The Yiddish Policemen's Union


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The brilliantly original new novel from Michael Chabon, author of the Pulitzer prize-winning `The Adventures of Kavalier and Clay' For sixty years Jewish refugees and their descendants have prospered in the Federal District of Sitka, a 'temporary' safe haven created in the wake of revelations of the Holocaust and the shocking 1948 collapse of the fledgling state of Israel. Proud, grateful and longing to be American, the Jews of the Sitka District have created their own little world in the Alaskan panhandle, a ...

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Apr 15, 2010

A classic

Especially for people interested in the different styles of language. A little background in Jewish culture helps, too.


Apr 8, 2010

Brilliant writing

I love to read - especially works that are well written in modern english. Chabon writes with colors. His sentences are little worlds that need to be explored. As you read through
the text, you wonder how a writer could craft a story with such brilliant descriptions. I found myself going back to sentences that I found engrossing. This novel has a Jewish theme
with fair amount of yiddish thrown in. Chabon translates the english for the reader. You don't have to be Jewish to read this book. You do have to love great writing.


Feb 28, 2009

Haven't started it yet. Just finished another one of Chabon's books; I like his writing style. So my rating may be inaccurate.


Jan 27, 2009

A disappointment from a favorite author

I not only really wanted to like The Yiddish Policemen?s Union by Michael Chabon, I expected to love it. Chabon is one of my favorite authors, and Kavalier and Clay is a true masterpiece. However, his latest novel is a far cry from, really, any of his previous works.

An alternate-history book that will draw inevitable comparisons to Philip Roth?s The Plot Against America, Chabon envisions a world where, as FDR actually suggested (which I didn?t know) that a Jewish settlement be located in Alaska. Derisively called the ?frozen Chosen? by Americans (referred to as ?our neighbors in the South? by the locals), the area is due to be returned to America, and the Jews are due to go?somewhere.

?It?s a strange time to be a Jew,? almost every character states at one point or another, and indeed it?s true. This is the backdrop to the novel, which in most respects is ? or attempts to be ? a hardboiled detective story.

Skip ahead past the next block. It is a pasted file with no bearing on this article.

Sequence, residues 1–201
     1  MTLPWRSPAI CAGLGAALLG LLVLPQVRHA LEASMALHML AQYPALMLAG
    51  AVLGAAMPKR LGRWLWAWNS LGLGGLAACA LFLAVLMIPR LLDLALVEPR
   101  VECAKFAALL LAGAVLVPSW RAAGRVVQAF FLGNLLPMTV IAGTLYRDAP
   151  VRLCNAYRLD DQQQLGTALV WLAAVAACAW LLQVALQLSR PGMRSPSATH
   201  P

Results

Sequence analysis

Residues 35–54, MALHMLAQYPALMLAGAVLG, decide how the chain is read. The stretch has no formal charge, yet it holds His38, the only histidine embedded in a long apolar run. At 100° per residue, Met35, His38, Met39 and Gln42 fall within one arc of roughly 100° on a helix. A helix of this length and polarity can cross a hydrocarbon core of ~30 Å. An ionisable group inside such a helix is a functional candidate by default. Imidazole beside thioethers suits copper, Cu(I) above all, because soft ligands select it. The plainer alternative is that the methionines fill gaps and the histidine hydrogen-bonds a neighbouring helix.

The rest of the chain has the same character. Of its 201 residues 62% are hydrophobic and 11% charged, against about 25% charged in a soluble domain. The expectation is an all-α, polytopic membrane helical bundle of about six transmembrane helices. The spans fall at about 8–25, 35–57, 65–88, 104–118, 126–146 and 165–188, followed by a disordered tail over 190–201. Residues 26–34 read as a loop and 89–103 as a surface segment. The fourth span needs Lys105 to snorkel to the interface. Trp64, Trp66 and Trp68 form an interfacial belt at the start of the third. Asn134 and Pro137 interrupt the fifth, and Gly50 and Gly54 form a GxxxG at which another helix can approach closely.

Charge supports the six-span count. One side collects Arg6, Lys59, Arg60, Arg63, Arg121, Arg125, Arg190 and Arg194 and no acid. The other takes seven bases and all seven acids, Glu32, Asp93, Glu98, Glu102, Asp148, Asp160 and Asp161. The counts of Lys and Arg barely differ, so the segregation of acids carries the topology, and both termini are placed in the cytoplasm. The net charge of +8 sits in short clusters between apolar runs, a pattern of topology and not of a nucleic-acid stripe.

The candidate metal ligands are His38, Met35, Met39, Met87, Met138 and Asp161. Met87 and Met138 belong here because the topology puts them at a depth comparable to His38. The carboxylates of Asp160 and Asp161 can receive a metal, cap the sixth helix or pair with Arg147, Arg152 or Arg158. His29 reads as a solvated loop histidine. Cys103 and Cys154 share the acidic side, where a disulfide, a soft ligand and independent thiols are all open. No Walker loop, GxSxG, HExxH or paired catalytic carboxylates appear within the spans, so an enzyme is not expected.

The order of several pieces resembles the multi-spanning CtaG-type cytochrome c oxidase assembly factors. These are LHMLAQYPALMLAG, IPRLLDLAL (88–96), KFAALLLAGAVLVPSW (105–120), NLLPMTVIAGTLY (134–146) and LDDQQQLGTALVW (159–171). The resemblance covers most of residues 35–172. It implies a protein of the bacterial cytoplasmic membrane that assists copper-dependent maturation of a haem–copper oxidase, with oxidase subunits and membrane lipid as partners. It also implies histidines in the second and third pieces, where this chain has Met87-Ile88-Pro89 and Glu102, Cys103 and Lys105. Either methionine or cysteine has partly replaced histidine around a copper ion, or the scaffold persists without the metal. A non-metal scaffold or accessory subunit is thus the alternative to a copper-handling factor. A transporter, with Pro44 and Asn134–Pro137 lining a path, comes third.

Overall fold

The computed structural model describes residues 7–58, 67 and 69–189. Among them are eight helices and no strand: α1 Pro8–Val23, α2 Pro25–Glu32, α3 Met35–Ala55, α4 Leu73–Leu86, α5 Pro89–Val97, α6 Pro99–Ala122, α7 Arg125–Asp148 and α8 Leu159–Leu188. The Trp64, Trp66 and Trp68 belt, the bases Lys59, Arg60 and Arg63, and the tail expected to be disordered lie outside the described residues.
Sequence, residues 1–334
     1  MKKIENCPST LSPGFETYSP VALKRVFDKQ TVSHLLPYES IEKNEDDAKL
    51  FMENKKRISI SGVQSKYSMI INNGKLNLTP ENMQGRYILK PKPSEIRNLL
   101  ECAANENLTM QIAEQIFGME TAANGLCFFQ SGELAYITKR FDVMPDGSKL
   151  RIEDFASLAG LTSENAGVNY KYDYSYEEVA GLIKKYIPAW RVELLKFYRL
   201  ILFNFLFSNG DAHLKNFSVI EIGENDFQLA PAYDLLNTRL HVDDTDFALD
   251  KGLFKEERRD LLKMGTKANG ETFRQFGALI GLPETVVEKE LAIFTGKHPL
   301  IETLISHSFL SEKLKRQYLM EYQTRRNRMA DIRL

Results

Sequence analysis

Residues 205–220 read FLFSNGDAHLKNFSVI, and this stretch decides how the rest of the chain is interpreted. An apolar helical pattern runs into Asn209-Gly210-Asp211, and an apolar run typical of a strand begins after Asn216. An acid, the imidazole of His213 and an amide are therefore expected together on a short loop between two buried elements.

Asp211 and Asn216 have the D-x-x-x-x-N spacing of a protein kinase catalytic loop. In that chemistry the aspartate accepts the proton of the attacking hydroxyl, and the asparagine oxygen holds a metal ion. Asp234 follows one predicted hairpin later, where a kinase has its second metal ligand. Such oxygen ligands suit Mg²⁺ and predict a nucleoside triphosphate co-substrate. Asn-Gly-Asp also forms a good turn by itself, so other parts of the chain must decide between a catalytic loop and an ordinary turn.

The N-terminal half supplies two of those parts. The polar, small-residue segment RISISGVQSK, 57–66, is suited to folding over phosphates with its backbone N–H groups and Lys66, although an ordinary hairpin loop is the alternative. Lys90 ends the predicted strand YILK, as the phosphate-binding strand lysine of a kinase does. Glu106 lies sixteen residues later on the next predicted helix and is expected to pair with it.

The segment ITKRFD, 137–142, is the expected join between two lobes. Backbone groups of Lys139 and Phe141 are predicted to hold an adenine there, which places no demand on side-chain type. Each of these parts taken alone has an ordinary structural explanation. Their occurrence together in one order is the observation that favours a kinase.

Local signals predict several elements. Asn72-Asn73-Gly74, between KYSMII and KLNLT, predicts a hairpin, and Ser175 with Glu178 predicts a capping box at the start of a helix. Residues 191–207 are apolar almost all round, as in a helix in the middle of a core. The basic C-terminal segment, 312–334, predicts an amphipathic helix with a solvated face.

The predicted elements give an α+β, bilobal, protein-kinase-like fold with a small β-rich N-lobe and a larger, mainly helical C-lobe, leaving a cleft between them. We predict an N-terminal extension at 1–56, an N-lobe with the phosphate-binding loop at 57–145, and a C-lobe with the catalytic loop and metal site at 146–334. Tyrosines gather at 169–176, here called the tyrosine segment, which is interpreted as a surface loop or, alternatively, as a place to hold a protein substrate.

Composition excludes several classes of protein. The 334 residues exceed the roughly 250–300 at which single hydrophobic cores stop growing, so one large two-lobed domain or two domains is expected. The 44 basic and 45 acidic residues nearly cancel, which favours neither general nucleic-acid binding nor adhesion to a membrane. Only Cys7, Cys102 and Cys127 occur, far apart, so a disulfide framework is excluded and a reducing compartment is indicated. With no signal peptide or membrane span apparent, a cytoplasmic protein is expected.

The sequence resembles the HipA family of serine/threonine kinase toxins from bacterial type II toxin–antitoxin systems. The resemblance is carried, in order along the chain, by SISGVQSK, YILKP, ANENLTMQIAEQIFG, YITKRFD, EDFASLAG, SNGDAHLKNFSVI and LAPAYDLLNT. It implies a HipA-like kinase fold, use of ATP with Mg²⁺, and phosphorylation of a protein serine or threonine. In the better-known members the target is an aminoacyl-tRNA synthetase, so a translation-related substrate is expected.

Our Mickey Spillane is a policeman named Meyer Landsman, a beaten-down shell of his former self, who spends his nights drunk and contemplating suicide. One morning, he?s called to investigate the murder of someone also living in his fleabag hotel.

I?d get into the story, which involves several different sects of Jews, chess and the Holy Land?but it?s really hard for me to do that. The book feels far too clever for its own good, and at several times Chabon refers back to characters who I barely remembered ? who turn out to be incredibly important and relevant. In the zeal to keep this alternative history ?real,? Chabon can?t draw out a historical review, so characters casually refer to things, in Yiddish slang no less, that take several repetitions to make sense. Many characters have similar, unfamiliar Eastern European names, and the way their roles intertwine gets more confusing as the book progresses, until perhaps the last third of the book.

Perhaps most disappointingly, the book seems to explain itself towards the end in two somewhat cheap ways ? through a flashback, and then by Landsman suddenly figuring a key component out in the last few pages. It feels beneath an author as brilliantly talented as Chabon, and while there?s no denying it?s a good book, it?s far from a great one. I didn?t much care for most of the characters, but I perservered because it was Chabon, and also because I did want to see the story play out?which it only sort of does.

All in all, a disappointment, and a book I couldn?t honestly recommend.


Jul 13, 2007

Chabon's Alternate Universe

In this ambitious novel, Michael Chabon carries on the great literary tradition of crafting an alternate universe from the jumping off point of WWII. Just like Phillip K. Dick's "The Man in The High Castle" and Phillip Roth's "The Plot Against America", Chabon's Policemen's Union dissects the many paths of history and its effects on a people.
Chabon departs from the aforementioned authors by presenting a vision that is as quirky and just plain fun as what we've come to expect from his novels. "The Yiddish Policeman's Union" is part fantasy, part crime novel with plenty of hilarious asides. And even though it takes place in frigid Alaska, this is good summer reading.

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